How to add users in Linux “useradd”

In Linux, a ‘useradd‘ command is a low-level utility that is used for adding/creating user accounts in Linux and other Unix-like operating systems. The ‘adduser‘ is much similar to useradd command, because it is just a symbolic link to it.

Basic syntax of command is:

useradd [options] username

1. How to Add a New User in Linux

For example, to add a new user called ‘tecmint‘, use the following command.

[[email protected] ~]# useradd zetuser

When we add a new user in Linux with ‘useradd‘ command it gets created in locked state and to unlock that user account, we need to set a password for that account with ‘passwd‘ command.

[[email protected]~]# passwd zetuser
Changing password for user zetuser.
New UNIX password:
Retype new UNIX password:
passwd: all authentication tokens updated successfully.

Once a new user created, it’s entry automatically added to the ‘/etc/passwd‘ file. The file is used to store users information and the entry should be.

zetuser:x:502:502::/home/zetuser:/bin/bash

The above entry contains a set of seven colon-separated fields, each field has it’s own meaning. Let’s see what are these fields:

2. Create a User with Different Home Directory

[[email protected]~]# useradd -d /project/step1 newuser

You can see the user home directory and other user related information like user id, group id, shell and comments.

[[email protected] ~]# cat /etc/passwd | grep newuser
newuser:x:505:505::/project/step1:/bin/bash

3. Create a User with Specific User ID

In Linux, every user has its own UID (Unique Identification Number). By default, whenever we create a new user accounts in Linux, it assigns userid 500, 501, 502 and so on…

But, we can create user’s with custom userid with ‘-u‘ option. For example, the following command will create a user ‘navin‘ with custom userid ‘999‘.

[[email protected] ~]# useradd -u 999 david

Now, let’s verify that the user created with a defined userid (999) using following command.

[[email protected] ~]# cat /etc/passwd | grep david
david:x:999:999::/home/david:/bin/bash

4. Add a User without Home Directory

To create user’s without their home directories, ‘-M‘ is used. For example, the following command will create a user ‘marcel‘ without a home directory.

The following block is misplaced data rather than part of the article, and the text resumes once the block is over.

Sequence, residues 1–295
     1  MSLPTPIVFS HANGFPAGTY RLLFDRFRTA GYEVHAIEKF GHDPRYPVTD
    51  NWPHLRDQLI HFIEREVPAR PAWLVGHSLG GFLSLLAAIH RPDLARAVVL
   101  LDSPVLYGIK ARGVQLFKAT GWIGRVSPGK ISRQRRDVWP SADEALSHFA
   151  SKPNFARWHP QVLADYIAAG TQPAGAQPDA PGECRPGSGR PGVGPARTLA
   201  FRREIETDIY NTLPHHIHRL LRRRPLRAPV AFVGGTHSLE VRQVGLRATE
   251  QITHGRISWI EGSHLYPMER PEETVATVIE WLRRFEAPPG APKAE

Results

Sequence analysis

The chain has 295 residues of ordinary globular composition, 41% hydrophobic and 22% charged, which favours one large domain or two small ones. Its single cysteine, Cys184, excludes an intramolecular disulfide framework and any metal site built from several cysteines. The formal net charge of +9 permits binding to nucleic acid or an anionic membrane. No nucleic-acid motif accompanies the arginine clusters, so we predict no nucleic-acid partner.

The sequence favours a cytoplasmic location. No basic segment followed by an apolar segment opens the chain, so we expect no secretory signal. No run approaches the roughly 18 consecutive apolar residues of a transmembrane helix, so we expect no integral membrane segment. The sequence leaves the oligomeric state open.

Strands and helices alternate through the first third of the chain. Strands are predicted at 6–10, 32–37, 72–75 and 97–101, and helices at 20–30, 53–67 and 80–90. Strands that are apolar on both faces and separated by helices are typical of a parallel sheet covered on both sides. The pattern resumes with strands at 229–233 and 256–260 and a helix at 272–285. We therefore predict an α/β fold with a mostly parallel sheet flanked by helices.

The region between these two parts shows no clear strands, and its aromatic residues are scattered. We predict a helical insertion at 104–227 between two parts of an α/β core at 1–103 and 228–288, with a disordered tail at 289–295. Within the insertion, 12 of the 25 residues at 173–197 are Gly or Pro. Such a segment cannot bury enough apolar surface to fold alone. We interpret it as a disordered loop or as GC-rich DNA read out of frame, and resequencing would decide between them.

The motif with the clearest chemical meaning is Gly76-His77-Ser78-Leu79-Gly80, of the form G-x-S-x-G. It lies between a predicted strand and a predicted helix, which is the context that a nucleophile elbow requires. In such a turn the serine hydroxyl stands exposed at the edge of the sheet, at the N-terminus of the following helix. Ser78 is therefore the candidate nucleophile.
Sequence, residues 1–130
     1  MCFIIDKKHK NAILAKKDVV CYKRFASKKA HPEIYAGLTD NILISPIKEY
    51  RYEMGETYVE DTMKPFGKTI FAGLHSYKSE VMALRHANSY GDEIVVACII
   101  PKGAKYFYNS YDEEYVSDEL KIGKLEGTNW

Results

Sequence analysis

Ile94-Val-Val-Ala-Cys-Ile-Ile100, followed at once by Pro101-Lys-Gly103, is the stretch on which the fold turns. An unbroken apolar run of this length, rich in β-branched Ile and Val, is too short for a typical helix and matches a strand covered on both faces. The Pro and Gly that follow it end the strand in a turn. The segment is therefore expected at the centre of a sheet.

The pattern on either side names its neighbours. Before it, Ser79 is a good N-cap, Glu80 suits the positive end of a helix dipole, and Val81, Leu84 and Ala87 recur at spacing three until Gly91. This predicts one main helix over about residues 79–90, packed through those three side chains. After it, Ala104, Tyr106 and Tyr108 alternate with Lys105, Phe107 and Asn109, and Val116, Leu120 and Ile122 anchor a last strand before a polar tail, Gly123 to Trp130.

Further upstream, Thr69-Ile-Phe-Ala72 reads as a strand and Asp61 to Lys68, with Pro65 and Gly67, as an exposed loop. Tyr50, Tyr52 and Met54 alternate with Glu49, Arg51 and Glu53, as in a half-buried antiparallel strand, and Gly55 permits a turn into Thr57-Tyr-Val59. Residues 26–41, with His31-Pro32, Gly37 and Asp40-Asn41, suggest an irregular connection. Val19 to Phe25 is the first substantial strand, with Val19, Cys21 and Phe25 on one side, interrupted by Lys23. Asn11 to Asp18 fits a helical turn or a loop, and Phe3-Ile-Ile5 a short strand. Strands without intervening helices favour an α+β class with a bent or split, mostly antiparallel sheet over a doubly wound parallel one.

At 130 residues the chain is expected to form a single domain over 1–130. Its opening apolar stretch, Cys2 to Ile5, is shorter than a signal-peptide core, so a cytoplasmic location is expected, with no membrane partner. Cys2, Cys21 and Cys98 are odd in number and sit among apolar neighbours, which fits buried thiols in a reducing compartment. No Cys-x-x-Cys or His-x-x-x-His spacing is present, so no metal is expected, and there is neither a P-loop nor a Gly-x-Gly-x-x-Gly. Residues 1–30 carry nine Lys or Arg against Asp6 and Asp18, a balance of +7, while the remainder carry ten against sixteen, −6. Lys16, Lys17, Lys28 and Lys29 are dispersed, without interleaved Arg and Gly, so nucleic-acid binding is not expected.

[[email protected] ~]# useradd -M marcel

Now, let’s verify that the user is created without home directory, using ls command.

[[email protected] ~]# ls -l /home/marcel
ls: cannot access /home/marcel: No such file or directory

5. Create a User with Account Expiry Date

By default, when we add user’s with ‘useradd‘ command user account never get expires i.e their expiry date is set to 0 (means never expired).

However, we can set the expiry date using ‘-e‘ option, that sets date in YYYY-MM-DD format. This is helpful for creating temporary accounts for a specific period of time.

Here in this example, we create a user ‘laur‘ with account expiry date i.e. 30th October 2014 in YYYY-MM-DDformat.

[[email protected] ~]# useradd -e 2016-10-30 laur

Next, verify the age of account and password with ‘chage‘ command for user ‘laur‘ after setting account expiry date.

[[email protected] ~]# chage -l laur
Last password change : Oct 21, 2016
Password expires : never
Password inactive : never
Account expires : Oct 30, 2016
Minimum number of days between password change : 0
Maximum number of days between password change : 99999
Number of days of warning before password expires : 7

6. Create a User with Password Expiry Date

The ‘-f‘ argument is used to define the number of days after a password expires. A value of 0 inactive the user account as soon as the password has expired. By default, the password expiry value set to -1 means never expire.

Here in this example, we will set a account password expiry date i.e. 20 days on a user ‘laurentiu’ using ‘-e‘ and ‘-f‘ options.

[[email protected] ~]# useradd -e 2016-10-30 -f 20 laurentiu

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